An interesting name for a wine. Radford Dale Nudity 2014, from the Voor-Paardeberg region in South Africa. Why Nudity? Because it hasn’t any added sulphur and just the bare wine, I presume. The grape is Syrah and it has 12% ABV.
To look at it appeared right where it should be, i.e. no brown or purple rim – just red and an intense red at that. There was some viscosity. The aromas were pleasantly complex; fragrant, perfumed and very much cooked strawberries, suggesting some ageing. It had a thin mouth feel with both acidity and tannins. The dominant notes were strawberries (prompting my Grenache guess) and lighter cherries but there was bags of flavour. It had slightly sweet notes which tended to pall after a couple of mouthfuls. For me, it lacked a bit of bottom (nothing to do with its name, you understand) and gravity.
It wasn’t cheap and, although good, I question its VFM.
[Richard: yes, £18 (TWS) and not really worth it. A decent wine with some interesting nuances, which drunk very easily – amazing how much difference a reduction in alcohol from, say, 14% to 12% makes. However if you very looking forward to some typical syrah tastes and flavours, I’m afraid they’d been stripped away and the result was a bit Emperor’s new clothes, a phrase used on TWS website, where it has three bad reviews.]
We’ve tried a lot of cabernet franc recently so when Geoff poured a glass of something very red – stain the glass red – with a rather green, sappy taste I was pretty sure what we were drinking. Yes, that grape again – but not from the Loire, I was sure, but New World. After that I was stumped. The wine had a rather tarry, smokey taste with some fruit, not unpleasant but not classic CF. in fact – from Chile and a combination never before tasted. And never again I think since we both preferred the way the grape is vinified in France.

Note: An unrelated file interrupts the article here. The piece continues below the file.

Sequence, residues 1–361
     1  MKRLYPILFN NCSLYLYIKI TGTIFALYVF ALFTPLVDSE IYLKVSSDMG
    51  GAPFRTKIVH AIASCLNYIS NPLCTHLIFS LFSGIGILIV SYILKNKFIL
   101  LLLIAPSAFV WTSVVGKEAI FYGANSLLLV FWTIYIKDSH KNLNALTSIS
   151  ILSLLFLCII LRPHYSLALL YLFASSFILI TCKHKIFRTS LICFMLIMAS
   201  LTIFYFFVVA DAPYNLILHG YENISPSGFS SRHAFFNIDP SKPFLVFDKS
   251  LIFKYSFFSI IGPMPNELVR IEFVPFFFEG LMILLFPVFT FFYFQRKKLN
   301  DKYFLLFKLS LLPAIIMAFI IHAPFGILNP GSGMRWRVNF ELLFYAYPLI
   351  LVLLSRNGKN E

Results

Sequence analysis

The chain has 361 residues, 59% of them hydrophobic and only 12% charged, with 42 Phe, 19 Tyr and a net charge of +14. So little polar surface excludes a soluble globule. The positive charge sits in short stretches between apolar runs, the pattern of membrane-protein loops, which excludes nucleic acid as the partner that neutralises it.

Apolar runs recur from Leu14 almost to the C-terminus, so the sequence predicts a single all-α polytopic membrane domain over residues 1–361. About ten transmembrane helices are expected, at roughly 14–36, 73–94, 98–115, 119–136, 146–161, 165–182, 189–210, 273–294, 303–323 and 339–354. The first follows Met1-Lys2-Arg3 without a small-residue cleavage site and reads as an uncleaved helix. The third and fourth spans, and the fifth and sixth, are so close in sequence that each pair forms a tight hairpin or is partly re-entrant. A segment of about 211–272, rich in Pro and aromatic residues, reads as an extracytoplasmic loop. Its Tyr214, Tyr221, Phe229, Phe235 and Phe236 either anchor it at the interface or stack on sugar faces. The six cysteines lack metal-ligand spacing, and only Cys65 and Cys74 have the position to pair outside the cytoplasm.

[Geoff: Okay, no more CF for a while. Promise.The wine was okay but had transgressed the boundaries of a Loire CF and had lost some of particular style. It became another beefy, fruity, slightly tannic red wine.
It’s interesting that we become (or is it just me) fixated on a style of wine and see any variation on that style as an aberration. For me, the home of CF is the Loire and I like the wine it produces; though not all of it, by any means. I suppose this is what happens when Chardonnay lovers compare all wines to white Burgundies and make it difficult for new styles to establish themselves.]
Wine in a box (BiB or bag in a box) has always been popular in France – the co-ops sell their own wine in them, as well as bottles and Calais Carrefour lists 34 different ones. This hasn’t stopped French farmers overturning lorries carrying imported Spanish BiBs but that’s another story. As is the attempt by some sherry producers to market fino in boxes – not allowed as against the regulations.
Anyway, in Waitrose last week I saw a display of a dozen or so wine boxes. I went for When in Rome’s Nero D’Avola at £20.99 (£5 off). Actually from Sicily. The box holds 2.25 litres or three bottles. We’ve tried this one before and it’s a favourite of Angie’s. Bright red, very young and fresh, uncomplicated, easy to drink but with a bit of character. At £7 a bottle good value as well.
Pinot Noir is a grape more suited to a cooler environment; it was a surprise, therefore, to see one from the village of Magrie in Limoux near the French Pyrenees. This was the 2015 Solaire, Domaine de la Metairie d’Alon from a 25 hectare site of steep, limestone (loved by PN) slopes. It was also organic and hand-harvested and weighed in at 14% ABV. All this was gleaned from the very informative back-label, which included a small map. Provenance is all, so it seems.